Car Liens and How They Pose Problems for Used Car Buyers
When you’re shopping for a used car, one of the things that you should look out for is if it has an outstanding lien. If it does, and you buy it without knowing it, you could end up paying for something that the previous owner should be responsible for. Worse, you could have your vehicle repossessed. In this article, Carmudi helps you understand what a lien is, and why should always check this before sealing the deal on a used car.
What is a car lien?
Car liens act as a ‘collateral’ for lenders should the original car buyer default on his payments. Liens are created immediately whenever an auto loan is used to purchase a car. They act as the lender’s legal right to possess the vehicle until the loan is completely paid. If the buyer defaults on the loan, like failing to make payments, the lender can reclaim the car.
How is a lien different from a loan?
A car lien refers to the lender’s right against the vehicle they’re financing, while a loan is the money lent to the borrower. A car buyer can take out a loan on a vehicle, but it won’t necessarily be secured by a lien. An example of a situation where a loan does not have a lien is when a car buyer has an existing line of credit with the lender. When he uses this line of credit to pay for the vehicle, the lender may decide to forgo putting a lien on the vehicle.
Why is it important to check if a used car has an existing lien?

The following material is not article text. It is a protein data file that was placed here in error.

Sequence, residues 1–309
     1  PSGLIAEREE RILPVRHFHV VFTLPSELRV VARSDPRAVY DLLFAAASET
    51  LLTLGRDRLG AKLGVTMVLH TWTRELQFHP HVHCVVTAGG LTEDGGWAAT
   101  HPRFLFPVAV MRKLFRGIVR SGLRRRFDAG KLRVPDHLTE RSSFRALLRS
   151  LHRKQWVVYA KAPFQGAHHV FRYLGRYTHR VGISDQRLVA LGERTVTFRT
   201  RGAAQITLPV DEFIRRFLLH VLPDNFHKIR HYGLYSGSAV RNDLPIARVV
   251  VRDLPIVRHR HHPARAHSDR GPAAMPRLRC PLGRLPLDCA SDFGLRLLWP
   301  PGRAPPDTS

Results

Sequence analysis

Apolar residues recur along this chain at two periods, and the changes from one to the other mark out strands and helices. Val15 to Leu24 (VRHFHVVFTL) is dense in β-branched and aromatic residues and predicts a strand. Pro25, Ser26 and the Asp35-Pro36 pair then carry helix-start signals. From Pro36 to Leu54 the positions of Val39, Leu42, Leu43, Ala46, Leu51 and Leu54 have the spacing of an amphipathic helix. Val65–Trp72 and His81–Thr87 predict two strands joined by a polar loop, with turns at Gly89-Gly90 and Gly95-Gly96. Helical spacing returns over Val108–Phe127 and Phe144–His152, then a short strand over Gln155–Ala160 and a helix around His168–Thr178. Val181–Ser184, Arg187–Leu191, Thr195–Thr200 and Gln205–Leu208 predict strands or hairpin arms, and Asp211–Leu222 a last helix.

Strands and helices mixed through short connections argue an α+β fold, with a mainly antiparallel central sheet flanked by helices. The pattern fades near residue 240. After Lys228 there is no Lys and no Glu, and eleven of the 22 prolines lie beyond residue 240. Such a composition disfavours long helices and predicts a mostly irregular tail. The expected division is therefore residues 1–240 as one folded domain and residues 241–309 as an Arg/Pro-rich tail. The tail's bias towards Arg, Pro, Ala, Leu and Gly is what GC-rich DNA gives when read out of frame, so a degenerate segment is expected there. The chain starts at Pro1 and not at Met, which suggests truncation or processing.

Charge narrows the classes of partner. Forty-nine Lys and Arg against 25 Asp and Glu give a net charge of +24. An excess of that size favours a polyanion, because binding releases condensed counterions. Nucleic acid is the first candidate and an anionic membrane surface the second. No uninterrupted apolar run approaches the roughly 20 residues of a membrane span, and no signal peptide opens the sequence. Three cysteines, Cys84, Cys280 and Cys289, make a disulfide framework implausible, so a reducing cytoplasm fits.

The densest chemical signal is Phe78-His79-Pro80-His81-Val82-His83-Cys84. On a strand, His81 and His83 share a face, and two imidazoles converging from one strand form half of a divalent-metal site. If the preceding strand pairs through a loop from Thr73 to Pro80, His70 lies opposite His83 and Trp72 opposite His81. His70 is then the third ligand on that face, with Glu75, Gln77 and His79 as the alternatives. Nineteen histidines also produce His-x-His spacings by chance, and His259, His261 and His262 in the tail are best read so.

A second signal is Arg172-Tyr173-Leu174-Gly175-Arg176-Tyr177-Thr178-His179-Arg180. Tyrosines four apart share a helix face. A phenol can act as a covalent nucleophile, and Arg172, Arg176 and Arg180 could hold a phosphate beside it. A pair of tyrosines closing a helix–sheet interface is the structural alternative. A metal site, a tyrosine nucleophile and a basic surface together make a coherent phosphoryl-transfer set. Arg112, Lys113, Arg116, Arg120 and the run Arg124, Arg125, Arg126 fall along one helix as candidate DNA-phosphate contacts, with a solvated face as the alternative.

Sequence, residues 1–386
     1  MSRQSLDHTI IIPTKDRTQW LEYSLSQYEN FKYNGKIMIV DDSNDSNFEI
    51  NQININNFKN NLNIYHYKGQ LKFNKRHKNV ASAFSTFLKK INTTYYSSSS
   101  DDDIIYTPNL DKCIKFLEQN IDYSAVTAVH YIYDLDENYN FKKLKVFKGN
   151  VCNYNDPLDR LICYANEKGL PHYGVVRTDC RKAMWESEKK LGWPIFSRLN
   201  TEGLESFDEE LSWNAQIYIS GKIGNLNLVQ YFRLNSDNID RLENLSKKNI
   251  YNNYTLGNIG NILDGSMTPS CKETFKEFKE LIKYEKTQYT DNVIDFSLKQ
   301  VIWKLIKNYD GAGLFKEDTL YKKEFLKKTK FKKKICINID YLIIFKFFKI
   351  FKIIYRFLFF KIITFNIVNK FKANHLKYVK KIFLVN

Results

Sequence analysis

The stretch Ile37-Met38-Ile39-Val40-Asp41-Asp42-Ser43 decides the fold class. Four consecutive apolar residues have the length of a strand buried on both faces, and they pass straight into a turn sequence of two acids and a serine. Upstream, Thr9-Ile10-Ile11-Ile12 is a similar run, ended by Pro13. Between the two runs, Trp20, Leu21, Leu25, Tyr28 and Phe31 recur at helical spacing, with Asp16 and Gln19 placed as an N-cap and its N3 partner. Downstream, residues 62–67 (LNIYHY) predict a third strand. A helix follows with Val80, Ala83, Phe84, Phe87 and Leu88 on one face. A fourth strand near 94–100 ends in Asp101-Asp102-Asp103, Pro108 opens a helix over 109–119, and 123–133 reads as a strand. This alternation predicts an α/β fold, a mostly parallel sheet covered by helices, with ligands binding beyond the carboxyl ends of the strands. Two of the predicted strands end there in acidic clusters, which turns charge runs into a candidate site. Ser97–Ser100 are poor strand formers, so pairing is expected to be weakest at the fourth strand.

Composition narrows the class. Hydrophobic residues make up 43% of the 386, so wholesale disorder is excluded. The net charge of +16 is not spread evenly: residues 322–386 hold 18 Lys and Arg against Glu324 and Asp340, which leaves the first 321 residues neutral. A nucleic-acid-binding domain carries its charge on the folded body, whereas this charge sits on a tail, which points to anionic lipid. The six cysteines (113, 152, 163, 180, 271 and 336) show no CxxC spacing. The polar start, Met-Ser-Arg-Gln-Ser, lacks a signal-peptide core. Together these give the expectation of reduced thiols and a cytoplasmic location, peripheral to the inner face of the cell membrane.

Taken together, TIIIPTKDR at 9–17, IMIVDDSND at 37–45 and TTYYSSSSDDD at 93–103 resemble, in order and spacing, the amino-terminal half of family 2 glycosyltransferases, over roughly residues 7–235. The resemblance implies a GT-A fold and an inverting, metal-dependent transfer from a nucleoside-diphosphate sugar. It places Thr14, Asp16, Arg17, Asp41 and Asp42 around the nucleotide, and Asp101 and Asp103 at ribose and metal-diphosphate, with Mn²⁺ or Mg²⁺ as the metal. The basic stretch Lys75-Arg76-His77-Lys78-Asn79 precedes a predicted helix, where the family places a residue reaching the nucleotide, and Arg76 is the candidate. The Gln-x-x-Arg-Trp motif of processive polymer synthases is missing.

If you purchase a used car that still has a lien against it, the unpaid debt can become your responsibility. Lenders don’t care who owns their car, so long as they get paid. Thus, it doesn’t matter if you’re not the original vehicle owner, you still need to pay for the lien if you are the listed owner . If you don’t, the lender has the power to repossess the car from you.
How do you check for a lien?
There are a number of ways that you can confirm if the used car you’re looking at has a lien against it. Here are some tried-and-true methods to help you make sure a used car for sale is not carrying any liens.
Step 1: Inspect the paperwork
The first thing to do is to go through every detail of the vehicle’s paperwork with a critical eye, especially the title and certificate of registration (CR). While information may vary from one vehicle title to another, it should contain pieces of info that relate to past and current owners, as well as any past or current liens on the vehicle. As for the CR, if the vehicle indeed has a lien against it, the words “encumbered” should be clearly visible.
Step 2: Ask for additional paperwork if necessary
If the title reveals that the vehicle has a lien, ask the seller about its status. If the seller says the lien has been paid, ask to see the lien release called the ‘cancellation of the chattel mortgage,’ which is a legal document that proves the lien is closed. Should you decide to proceed with the vehicle purchase, make sure the seller hands all lien release documents to you. You never know when you’re going to need them.
Step 3: Visit the LTO
You can visit your local LTO office and request a Duplicate Certificate of Registration for Private Vehicles. This report will provide lien information, and in most cases, will inform you of any accidents and even crimes that the vehicle has been involved in. There is usually a small fee involved with this step.
Resolving the lien
You’ll have to deal with the lien before finalizing the purchase of the vehicle. If the seller has a copy of the lien release, have him bring the document to the LTO. Once the LTO confirms the document, the agency may then update their records and cancel the encumbrance on the next copy of the CR that they print, which should give you free and clear ownership of the car.